While still in its infancy, this technology raises interesting questions about the automation of pastoral care and teaching. Supporters believe AI assistance can help spread the Gospel, while critics warn of over-reliance on technology over human relationships.
Theological education has also been affected. Seminaries now offer degree programs with online components, and AI tutoring apps provide supplementary support. Some predict this increased access will diversify ministry leadership.
Others argue something essential is lost when embodied practices like worship, ritual and spiritual formation are mediated entirely through screens.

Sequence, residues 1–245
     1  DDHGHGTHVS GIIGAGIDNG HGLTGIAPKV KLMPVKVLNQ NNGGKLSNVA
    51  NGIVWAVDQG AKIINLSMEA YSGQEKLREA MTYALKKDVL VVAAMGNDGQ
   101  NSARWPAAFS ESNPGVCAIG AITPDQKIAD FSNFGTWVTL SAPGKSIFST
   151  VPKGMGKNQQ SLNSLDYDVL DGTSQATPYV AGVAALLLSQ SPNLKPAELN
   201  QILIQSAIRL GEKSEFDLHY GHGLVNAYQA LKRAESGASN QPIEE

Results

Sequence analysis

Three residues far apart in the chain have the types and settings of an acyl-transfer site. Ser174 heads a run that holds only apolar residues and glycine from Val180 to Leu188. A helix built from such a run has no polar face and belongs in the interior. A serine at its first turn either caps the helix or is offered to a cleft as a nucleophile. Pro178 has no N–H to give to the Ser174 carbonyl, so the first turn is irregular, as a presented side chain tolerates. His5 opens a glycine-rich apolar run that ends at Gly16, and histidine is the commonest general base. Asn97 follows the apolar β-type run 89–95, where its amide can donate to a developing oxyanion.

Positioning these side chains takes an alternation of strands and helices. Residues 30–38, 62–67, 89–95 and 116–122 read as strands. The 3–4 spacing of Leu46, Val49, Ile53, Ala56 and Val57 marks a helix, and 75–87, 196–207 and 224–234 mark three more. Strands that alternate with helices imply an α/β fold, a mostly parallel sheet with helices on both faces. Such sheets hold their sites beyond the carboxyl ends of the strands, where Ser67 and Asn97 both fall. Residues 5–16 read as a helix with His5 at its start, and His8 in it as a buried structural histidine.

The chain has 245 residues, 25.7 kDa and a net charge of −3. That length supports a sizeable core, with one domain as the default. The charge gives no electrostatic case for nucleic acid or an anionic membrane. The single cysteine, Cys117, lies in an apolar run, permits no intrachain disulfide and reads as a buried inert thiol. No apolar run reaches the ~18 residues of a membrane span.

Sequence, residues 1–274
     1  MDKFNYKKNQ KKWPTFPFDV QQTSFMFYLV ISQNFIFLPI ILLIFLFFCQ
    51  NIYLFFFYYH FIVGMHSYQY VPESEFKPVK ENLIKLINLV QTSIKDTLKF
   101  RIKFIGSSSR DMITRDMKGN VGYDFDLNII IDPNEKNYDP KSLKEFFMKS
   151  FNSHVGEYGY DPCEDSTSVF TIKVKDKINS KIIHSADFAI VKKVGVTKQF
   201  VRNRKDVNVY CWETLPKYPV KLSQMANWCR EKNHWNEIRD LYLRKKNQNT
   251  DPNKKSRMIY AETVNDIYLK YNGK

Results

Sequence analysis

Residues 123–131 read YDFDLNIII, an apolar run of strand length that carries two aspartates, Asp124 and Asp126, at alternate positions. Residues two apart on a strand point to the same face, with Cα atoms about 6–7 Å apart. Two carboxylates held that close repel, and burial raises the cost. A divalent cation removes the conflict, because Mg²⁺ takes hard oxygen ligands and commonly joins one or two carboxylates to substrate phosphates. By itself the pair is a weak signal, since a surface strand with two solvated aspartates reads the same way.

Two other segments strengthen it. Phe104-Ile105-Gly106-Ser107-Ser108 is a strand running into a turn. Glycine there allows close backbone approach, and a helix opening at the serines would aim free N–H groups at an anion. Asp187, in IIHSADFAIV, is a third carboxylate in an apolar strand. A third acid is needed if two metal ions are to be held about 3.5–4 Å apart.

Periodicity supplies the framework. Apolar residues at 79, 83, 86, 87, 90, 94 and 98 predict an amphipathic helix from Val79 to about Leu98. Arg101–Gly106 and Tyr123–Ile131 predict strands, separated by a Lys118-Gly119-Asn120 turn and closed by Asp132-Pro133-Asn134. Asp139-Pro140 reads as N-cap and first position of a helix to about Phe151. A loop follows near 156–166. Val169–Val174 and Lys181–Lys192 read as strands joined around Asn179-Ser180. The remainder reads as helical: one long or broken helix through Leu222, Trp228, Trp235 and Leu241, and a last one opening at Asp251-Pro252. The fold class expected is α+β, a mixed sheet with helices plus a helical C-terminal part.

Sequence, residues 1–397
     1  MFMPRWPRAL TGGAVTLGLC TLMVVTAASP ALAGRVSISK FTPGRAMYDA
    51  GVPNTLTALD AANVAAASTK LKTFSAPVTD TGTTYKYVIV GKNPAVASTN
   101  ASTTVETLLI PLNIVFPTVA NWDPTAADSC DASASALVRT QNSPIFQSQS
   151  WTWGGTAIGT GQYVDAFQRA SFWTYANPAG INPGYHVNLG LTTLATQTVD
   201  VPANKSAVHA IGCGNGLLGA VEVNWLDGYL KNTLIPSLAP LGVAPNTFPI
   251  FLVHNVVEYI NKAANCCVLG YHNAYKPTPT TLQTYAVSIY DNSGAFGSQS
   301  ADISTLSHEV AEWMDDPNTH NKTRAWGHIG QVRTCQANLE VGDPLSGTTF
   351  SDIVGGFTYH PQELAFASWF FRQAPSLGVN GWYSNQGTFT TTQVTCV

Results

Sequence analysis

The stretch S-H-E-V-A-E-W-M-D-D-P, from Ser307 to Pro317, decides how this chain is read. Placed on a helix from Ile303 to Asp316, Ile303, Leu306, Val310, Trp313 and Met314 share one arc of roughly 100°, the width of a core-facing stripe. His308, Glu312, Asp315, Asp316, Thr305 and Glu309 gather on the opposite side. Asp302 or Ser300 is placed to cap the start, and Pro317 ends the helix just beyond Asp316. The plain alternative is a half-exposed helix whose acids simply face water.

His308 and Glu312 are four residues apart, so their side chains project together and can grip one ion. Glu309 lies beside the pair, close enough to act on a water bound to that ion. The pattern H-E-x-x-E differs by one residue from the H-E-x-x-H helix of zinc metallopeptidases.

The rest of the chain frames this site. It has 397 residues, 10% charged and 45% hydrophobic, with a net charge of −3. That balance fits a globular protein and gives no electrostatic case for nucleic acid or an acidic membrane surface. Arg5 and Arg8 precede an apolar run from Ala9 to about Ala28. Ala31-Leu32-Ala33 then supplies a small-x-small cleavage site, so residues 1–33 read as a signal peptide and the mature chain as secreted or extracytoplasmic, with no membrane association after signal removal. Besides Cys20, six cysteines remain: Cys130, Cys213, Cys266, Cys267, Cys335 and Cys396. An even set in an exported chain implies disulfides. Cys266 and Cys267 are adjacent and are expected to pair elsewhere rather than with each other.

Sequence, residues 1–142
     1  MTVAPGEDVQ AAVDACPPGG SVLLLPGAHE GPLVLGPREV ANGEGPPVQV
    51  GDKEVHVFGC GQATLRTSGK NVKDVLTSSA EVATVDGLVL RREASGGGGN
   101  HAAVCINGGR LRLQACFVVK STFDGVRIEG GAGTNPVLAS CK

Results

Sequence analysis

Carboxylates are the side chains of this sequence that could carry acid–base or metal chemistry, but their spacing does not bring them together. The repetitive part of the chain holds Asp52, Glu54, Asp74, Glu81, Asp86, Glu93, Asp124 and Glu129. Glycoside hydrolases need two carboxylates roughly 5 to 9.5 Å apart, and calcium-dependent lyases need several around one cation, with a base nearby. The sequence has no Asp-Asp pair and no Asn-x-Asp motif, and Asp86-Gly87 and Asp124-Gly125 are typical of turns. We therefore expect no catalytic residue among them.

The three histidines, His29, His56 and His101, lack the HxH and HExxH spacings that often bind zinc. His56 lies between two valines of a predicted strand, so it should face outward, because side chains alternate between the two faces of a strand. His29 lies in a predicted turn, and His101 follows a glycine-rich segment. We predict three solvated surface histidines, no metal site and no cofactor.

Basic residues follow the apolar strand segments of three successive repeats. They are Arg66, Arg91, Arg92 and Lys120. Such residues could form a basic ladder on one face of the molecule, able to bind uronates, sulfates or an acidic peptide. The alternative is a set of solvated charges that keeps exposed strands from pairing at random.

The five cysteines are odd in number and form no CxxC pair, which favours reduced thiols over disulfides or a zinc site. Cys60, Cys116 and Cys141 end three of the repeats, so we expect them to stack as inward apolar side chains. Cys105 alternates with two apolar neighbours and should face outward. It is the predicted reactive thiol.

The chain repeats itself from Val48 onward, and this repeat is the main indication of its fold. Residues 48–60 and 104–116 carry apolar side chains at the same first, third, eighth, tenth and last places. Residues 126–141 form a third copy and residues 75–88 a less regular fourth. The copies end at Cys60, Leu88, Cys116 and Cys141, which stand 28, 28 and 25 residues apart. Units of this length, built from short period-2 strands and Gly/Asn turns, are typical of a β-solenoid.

Debates like these reflect the deeper quandary of whether technology shapes theology, or theology should be shaping our use of technology. Positions range from techno-optimists who see digital tools as value-neutral to techno-pessimists concerned about issues like social alienation and diminished attention spans.
Most woke theologians land somewhere in the middle, avoiding both utopian and dystopian extremes. The consensus is that thoughtful ethical frameworks are needed to evaluate both opportunities and risks.
Theology Evaluating Technology
One valuable lens for analysis is principles-based ethics. For example, deontological ethics focuses on duties and rule-following, stressing concepts like human dignity. Concerns here include issues like privacy, data exploitation, and dehumanizing systems of control.
Utilitarian ethics considers consequences like societal benefit and aggregate well-being. Here, the focus might shift to balancing pros and cons in areas like access to information. Virtue ethics highlights character, asking what habits and practices foster wisdom and flourishing.